A drug lab chemist is to blame for the largest dismissal of convictions in U.S. history

The highest court in Massachusetts has formally approved the dismissal of more than 21,000 drug convictions that were tainted by the misconduct of a former state drug lab chemist.

The American Civil Liberties Union of Massachusetts says the final order from the Supreme Judicial Court on Thursday marks the single largest dismissal of convictions in U.S. history.

The action by the court was expected after seven district attorneys in eastern Massachusetts submitted lists on Tuesday totaling 21,587 cases they would be unwilling or unable to prosecute if new trials were ordered.

The cases were called into question when chemist Annie Dookhan was charged with tampering with evidence and falsifying drug tests.

Dookhan pleaded guilty in 2013 to obstruction of justice, perjury and tampering with evidence after being accused of falsifying her work as far back as 2004. She was sentenced to three years in prison and was paroled last year.

Many of the drug case defendants have already completed their sentences, though some probably remain in prison because of other charges not contaminated by the lab scandal. About 2,000 cases had been resolved before Tuesday.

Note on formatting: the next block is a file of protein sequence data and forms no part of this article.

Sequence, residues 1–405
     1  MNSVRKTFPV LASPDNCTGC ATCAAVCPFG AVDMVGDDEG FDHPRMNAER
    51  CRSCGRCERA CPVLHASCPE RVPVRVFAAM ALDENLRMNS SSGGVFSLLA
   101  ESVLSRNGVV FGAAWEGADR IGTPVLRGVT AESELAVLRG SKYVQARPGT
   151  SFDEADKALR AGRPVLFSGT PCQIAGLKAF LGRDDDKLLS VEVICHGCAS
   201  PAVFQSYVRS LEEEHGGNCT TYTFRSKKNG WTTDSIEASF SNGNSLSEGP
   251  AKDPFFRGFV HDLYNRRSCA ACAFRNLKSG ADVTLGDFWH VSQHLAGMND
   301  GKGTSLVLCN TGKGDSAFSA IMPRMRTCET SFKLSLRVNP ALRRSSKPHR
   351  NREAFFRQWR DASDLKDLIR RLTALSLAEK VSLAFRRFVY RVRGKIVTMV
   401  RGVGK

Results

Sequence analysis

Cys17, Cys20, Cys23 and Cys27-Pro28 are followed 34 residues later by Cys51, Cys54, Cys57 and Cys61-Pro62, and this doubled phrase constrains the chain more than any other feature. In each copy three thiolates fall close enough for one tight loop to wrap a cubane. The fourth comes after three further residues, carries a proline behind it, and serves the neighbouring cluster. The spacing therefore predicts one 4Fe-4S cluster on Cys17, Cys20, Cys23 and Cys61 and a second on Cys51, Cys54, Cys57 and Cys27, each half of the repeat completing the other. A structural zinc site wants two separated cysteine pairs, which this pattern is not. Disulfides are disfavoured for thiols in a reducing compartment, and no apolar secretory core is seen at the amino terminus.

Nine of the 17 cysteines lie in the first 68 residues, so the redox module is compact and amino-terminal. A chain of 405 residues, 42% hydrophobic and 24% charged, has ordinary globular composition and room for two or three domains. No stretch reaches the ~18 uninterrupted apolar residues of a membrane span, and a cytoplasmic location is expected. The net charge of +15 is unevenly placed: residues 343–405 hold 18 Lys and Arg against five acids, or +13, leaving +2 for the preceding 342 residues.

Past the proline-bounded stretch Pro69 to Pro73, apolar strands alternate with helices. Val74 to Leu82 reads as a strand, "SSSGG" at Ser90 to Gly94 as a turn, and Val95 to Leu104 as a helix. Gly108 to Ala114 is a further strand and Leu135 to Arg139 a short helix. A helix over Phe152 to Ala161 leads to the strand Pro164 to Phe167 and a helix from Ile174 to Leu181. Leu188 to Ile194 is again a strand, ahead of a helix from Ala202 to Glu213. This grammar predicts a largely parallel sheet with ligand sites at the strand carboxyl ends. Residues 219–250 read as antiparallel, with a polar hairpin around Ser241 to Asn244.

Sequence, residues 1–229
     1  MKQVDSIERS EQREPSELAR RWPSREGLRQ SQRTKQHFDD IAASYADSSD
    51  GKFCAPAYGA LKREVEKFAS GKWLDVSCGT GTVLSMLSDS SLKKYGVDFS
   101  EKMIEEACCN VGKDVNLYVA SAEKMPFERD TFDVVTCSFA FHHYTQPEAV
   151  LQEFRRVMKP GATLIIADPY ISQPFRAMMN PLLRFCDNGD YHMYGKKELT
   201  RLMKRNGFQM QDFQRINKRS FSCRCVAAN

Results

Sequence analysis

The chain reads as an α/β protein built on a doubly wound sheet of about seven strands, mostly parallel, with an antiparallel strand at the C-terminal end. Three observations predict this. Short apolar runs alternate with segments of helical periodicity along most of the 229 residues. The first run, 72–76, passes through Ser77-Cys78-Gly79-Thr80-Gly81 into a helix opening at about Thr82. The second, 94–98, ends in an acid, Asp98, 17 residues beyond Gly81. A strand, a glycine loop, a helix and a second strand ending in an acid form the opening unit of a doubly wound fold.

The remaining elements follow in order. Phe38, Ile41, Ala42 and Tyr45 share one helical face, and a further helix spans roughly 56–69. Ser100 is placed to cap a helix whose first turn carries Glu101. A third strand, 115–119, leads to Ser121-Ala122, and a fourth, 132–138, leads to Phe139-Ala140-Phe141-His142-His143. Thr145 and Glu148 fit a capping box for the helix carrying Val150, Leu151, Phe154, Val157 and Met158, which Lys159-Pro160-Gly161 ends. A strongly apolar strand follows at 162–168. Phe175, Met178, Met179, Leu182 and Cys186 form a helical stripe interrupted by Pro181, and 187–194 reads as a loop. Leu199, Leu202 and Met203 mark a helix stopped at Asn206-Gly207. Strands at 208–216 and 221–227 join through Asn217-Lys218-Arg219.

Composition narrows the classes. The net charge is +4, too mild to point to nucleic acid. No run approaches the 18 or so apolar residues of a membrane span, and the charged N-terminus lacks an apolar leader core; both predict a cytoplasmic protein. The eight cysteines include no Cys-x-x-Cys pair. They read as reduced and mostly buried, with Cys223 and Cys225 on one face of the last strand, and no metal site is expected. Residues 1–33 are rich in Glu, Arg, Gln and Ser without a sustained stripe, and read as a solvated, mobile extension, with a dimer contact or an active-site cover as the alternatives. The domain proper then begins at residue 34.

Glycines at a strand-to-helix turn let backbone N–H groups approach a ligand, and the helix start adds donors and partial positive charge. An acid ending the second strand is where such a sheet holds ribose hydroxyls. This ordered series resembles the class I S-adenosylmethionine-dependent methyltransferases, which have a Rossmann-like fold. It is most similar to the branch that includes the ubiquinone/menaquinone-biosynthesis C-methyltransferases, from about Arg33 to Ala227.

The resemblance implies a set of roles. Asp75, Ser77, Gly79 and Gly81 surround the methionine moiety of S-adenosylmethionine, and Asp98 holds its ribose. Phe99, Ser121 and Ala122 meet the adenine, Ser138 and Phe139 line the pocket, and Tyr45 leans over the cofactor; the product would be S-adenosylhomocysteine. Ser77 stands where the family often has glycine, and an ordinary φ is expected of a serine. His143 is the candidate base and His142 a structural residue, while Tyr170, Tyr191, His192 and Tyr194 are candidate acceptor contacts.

While it's unknown how many cases Dookhan falsified, her conduct cast a cloud over the many thousands she worked on. As a result, in January, Massachusetts' Supreme Judicial Court said prosecutors would have to show that they could retry these cases without relying on evidence handled by Dookhan.

Prosecutors said Dookhan admitted to testing only a fraction of a batch of samples, and then listed them all as positive for illegal drugs. Her motive, they said, was to boost her productivity and burnish her reputation.

For those who have completed their sentences, wiping away their convictions will help them in other ways, such as employment, housing or immigration status, said Daniel Marx, an attorney who argued for the dismissals.

"Now, a majority of these wrongfully convicted individuals will have the opportunity to clear their records and move on with their lives," he said.

Anthony Benedetti, chief counsel of the Committee for Public Counsel Services, said some of the defendants lost their jobs or homes and some have been deported.

"In many respects, the damage has been done," Benedetti said. "Justice delayed is justice denied."

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